Tuesday, December 4, 2007


Charlotte Bronte (1816-1865)

I started reading Villette one, it was recommended to me from a good friend and two, because I liked Charlotte Bronte’s other book, Jane Eyre. I thought Villette might be a dark tale filled with secrets and sadness. I was sadly disappointed. Villette didn’t live up to my expectations in that area. It was hardly what I expected at all.

The tale told in Villette is one of a young English girl that experiences untold hardships and makes her way to a little town in France to make a living as a school teacher. Lucy Snowe is very much a loner in this foreign town and this loneliness brings her to great despair. She meets up by odd chances with old acquaintances and for a time becomes happy again. She goes back and forth between her happiness and despair. There is a certain professor at her school with whom she has a very strange relationship with. Slowly she falls in love with him but that is all I can say. The ending is alright. I was a little disappointed in the explanations given, they were somewhat vague.

Lucy Snowe is a very solitary character. She is very reclusive and spends a lot of time alone. At times I think she is very brave. She travels to a foreign land and tries to teach English at a French school. But other times I see her as very weak and unable to take care of herself. She is given the weak woman stereotype of the day. A couple of times she has a nervous breakdown and I just want to yell at her to get it together. I can relate to her a little bit in her reclusiveness. But I don’t understand how she can be so weak.

There are many interesting characters in this book. Most are mysterious in their ways. The most interesting character after Lucy Snowe is M. Paul Emmanuel. I never really understood this character throughout the whole book. At first he seems to be very harsh and unforgiving. But later he is described as loved by all the students and teachers alike. So I believe now that I have completed the story, that he was a very strict teacher, but he was a good teacher. And for that everyone loved him. Each of the characters are very different from one another yet they each carry a mysterious aire about them. Most of the characters are connected to one another in some way.

The story is told from the point of view of Lucy Snowe. It is written in first person and so we as the reader is limited to the knowledge that she has. In this story it worked well to keep things unknown until the main character knows them. It keeps some suspense to the story. Personally it is not my favorite style. I like to know what the characters don’t know. Being that the story was told in first person, it was told completely in chronological order. There is no skipping around.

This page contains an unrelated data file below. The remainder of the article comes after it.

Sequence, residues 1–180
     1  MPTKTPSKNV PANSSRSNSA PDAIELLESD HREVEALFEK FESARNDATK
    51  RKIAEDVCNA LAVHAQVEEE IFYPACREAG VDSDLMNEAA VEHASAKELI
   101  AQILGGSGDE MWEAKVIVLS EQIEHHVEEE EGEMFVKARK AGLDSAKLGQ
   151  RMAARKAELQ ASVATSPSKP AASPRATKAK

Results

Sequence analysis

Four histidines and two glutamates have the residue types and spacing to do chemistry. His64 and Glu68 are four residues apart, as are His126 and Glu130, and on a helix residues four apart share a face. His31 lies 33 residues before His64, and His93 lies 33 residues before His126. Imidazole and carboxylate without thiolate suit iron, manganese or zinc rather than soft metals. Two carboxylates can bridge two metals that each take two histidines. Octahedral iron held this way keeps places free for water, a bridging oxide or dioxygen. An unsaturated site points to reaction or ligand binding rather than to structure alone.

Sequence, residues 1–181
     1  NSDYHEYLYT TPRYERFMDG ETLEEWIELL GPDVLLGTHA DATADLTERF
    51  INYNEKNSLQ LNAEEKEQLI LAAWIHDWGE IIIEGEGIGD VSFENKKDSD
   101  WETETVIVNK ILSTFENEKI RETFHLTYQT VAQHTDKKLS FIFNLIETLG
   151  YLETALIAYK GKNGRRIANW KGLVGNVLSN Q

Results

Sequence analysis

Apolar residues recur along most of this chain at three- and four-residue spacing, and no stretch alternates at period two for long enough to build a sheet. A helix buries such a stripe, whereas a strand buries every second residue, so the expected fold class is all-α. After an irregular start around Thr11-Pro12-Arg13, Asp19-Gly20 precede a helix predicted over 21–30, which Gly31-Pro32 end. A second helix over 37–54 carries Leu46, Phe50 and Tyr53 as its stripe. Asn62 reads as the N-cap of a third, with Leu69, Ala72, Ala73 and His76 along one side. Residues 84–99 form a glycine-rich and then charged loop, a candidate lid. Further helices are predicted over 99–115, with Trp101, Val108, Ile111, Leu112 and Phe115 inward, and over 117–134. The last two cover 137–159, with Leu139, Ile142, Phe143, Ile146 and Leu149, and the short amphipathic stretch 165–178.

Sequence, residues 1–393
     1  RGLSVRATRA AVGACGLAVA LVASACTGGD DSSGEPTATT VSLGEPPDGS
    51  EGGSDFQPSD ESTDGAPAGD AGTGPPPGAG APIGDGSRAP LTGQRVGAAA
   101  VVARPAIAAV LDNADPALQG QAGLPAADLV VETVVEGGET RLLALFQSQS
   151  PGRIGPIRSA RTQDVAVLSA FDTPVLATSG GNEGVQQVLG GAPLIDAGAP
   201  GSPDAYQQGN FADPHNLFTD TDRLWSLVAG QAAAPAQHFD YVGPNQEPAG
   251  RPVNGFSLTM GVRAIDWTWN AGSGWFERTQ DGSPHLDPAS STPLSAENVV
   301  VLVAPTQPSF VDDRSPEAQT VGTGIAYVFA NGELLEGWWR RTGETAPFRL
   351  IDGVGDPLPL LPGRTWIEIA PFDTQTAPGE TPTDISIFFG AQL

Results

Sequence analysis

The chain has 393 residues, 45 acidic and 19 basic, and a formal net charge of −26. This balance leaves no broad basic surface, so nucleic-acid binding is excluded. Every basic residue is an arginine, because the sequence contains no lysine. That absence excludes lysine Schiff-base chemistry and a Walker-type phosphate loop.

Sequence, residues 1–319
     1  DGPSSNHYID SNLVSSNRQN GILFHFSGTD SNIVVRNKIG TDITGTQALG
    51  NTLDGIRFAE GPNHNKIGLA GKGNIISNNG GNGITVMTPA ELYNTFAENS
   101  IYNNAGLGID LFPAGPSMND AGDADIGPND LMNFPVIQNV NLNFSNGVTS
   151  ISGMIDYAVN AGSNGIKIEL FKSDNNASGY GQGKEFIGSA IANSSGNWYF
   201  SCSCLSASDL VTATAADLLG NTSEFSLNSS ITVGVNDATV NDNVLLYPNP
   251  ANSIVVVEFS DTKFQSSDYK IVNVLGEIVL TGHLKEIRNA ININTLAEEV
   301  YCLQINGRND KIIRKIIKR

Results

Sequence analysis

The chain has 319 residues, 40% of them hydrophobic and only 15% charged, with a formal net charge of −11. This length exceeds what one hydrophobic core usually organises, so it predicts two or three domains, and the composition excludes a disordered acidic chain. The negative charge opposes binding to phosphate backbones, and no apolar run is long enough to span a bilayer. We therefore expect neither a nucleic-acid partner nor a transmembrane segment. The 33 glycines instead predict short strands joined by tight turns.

The location is part of what makes the story. Lucy is from England, had some troubles there, and went to find her fortune in France. She ends up at a school house and starts her life there. The language barrier is her first difficulty. Then she faces the loneliness of living in a boarding house alone when the children go off to their holiday. The little town that she is in is the perfect setting for her wanderings. The time period is fitting as well.

I thought this story would be sadder than it was. There were moments of sadness, some of mystery, some of suspense, but it almost didn’t move very much for me. At one point while I was reading, I wondered where this story was going. There isn’t a real big climax to it. Its just the story of a girl trying to make her way.

I can’t say that there was one thing I liked about this book. It wasn’t horrible to read, it just didn’t go anywhere. One thing I didn’t like was all the French phrases throughout the whole book. I enjoy a book more when I can understand everything they say.

The ending of the book was a little disappointing. It was very vague in the description. I don’t want to give it away, but it did upset me that there was no explanation. I like happy endings were there are rainbows and ponies. This book doesn’t tell me what happens. It’s a little frustrating.

My lasting impression of this book is that its not my favorite. I’m glad I read it so now I can say I’ve read two Charlotte Bronte books. But I’m not going to strongly recommend it. I didn’t feel strong emotions when I read it. And I like to feel for my characters. I do think that a lot of women would like this book. There is a bit of romance, but its more subtle than most desire it to be. I think people could relate to at least one of the characters in this book. There is a wide variety and they are all unique. So I would give this a middle rating. Not my favorite, but I could see that some would love it.